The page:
My eyes may be closed but I'm in pain
Patient is resting quietly with eyes closed, no c/o pain. What nurse has never, ever, in their career documented something along these lines? I know I am guilty of this in the past, but I also know that if a patient is sleeping this does not mean they are pain free.I just awoke and opened my eyes for only a split second to barely be able to make out the face of my recovery nurse. I feel so weak and powerless right now, the anesthesia must not have worn off yet. She just asked me if I want to see the gallstones I had removed; of course I want to see them, Iím a nurse and thatís what we do. The only thing I really want to do right now though is die, this crushing pain in my chest is so unbearable. I want to tell this nurse so badly, but I just canít find the strength to open my mouth. I just had my gallbladder removed and this pain feels just like the worst gallbladder attack I had a couple weeks ago. The nurse does finally ask if Iím in pain and I shake my head yes, but I donít open my eyes because I just canít. Iím sure she thinks Iím fine because Iím resting, but this is the worst pain Iíve ever had in my life.
I finally get moved to a room on the floor where my husband and 1 month old son are waiting for me. Iím more awake now and able to voice my complaint of crushing chest pain. The nurse quickly gives me 3 mg of morphine which never really does anything to make me feel better. Once at home Iím able to take my Percocet and finally I am pain free and able to relax. It seemed like that pain would never go away. I am no sissy when it comes to pain, I gave birth 1 month prior to this with no epidural, no spinal analgesic, and no IV pain meds. My drug free natural vaginal delivery was a breeze compared to the pain I had after surgery.
I returned to work about a month later and as I took over care of a patient in recovery the nurse told me, ďshe wakes up every few minutes and says she has pain but she goes right back to sleep.Ē I quickly let this nurse know that just because the patient is sleeping does not mean they are without pain. As soon as the patient was all settled in and checked the orders for some pain medicine. Next time you begin to document that the patient is sleeping and without c/oís, please reconsider if you truly know what the patientí s pain level is.Last edit by Joe V on Nov 8, '12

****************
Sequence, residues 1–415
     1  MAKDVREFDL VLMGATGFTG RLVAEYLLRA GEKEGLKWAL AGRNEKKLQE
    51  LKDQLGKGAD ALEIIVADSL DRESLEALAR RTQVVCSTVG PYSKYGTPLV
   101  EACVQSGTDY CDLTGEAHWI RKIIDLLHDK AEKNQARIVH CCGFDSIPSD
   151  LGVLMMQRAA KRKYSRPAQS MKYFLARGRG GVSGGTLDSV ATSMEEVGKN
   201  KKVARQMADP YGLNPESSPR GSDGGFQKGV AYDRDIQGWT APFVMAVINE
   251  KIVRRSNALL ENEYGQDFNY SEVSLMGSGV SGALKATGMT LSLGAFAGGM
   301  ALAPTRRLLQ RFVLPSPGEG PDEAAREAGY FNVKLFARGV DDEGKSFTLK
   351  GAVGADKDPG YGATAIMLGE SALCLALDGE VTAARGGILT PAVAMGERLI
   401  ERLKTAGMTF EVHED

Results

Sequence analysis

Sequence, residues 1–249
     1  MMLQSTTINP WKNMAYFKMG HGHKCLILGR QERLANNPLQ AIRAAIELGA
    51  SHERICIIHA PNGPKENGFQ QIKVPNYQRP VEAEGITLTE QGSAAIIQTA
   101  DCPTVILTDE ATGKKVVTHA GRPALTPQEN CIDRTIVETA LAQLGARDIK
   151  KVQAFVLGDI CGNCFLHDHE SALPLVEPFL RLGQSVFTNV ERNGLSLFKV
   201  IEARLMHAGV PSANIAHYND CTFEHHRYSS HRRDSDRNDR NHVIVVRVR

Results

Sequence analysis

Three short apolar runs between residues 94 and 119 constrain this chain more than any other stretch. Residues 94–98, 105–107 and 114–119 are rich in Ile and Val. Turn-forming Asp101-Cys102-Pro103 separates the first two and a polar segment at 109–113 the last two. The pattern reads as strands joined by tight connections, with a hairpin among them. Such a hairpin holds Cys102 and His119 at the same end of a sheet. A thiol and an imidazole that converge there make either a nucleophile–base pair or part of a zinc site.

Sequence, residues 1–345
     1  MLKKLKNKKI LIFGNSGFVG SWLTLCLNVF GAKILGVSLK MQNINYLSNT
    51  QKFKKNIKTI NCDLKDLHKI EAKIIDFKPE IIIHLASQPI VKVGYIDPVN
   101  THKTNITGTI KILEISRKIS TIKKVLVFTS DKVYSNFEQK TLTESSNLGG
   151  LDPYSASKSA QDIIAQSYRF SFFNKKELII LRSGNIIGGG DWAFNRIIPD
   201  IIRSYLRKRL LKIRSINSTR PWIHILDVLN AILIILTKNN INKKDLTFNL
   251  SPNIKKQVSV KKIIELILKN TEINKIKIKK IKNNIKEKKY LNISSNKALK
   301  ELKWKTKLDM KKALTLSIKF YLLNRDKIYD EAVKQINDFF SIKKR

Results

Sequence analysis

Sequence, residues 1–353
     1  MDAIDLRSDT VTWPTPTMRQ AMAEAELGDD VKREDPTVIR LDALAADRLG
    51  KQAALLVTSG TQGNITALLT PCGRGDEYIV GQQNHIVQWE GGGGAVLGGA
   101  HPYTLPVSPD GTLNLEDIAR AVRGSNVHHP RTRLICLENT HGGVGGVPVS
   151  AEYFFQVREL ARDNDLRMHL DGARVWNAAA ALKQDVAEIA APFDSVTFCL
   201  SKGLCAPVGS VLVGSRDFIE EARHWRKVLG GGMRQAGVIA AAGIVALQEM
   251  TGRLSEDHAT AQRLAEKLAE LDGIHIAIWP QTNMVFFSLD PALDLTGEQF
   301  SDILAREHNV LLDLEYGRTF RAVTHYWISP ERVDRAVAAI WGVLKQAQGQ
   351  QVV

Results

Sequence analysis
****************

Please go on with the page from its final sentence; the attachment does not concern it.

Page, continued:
I am an RN and mother of 2, I worked for 6 years in a rural hospital, where I worked in OB, ED, and the Med-Surg floor. I started working in the IT department in 2011 at the same hospital, which has allowed me to be home with my family every evening.
nkochrn has '5' year(s) of experience and specializes in 'ER, OB, Med-Surg, Geriatric'. From 'Kansas'; 30 Years Old; Joined Jun '08; Posts: 292; Likes: 251.3Nov 7, '12 by artsmomInteresting point you make. I am definitely guilty of saying " they ask for pain meds, but then I have to wake them to give them the pills, how much pain could they be in?". Of course, when I had surgery, post op I was in so much pain all I did was sleep... ironic I never applied how I felt to my patients. Thank you for bringing this up. I will definitely keep it in mind.1Nov 7, '12 by umcRNAgree with you! A few days in the hospital after a craniotomy have made me look at every one of my patients differently. The biggest thing for me was how badly my throat and chest hurt to cough, and I was only intubated a few hours for surgery. I can't imagine some of these little ones ( I work peds) how they must feel after days to weeks of being intubated. And my cough lingered for weeks! My actual surgical pain wasn't that bad after the first day or so, but man, the throat and chest pain. I won't forget it!2Nov 8, '12 by silmaril123The college of nursing in which I am currently enrolled has made it hugely clear to every single one of us students that just because the patient is sleeping does not mean that they are not in intractable pain. It's so sad that some of these patients don't get treated when they should.5Nov 8, '12 by Esme12, BSN, RN Senior ModeratorPeople will shut down when faced with pain and adversity. Like the depressed person who sleeps to escape the world. When you are experiencing pain a defense mechanism is to shut down to a place to try to make it bearable. I think being a patient makes one a better nurse.
Well said!0Nov 8, '12 by GrnTea, BSN, MSN, RNI had a necrotizing fasciitis in an episiotomy due to a misplaced suture (never have a baby in a university hospital in early summer) and never had such pain before or since (including HNP and back surgery). I will never forget the nurses whow would not medicate me when I couldn't even move in bed. Made a difference in my practice, though.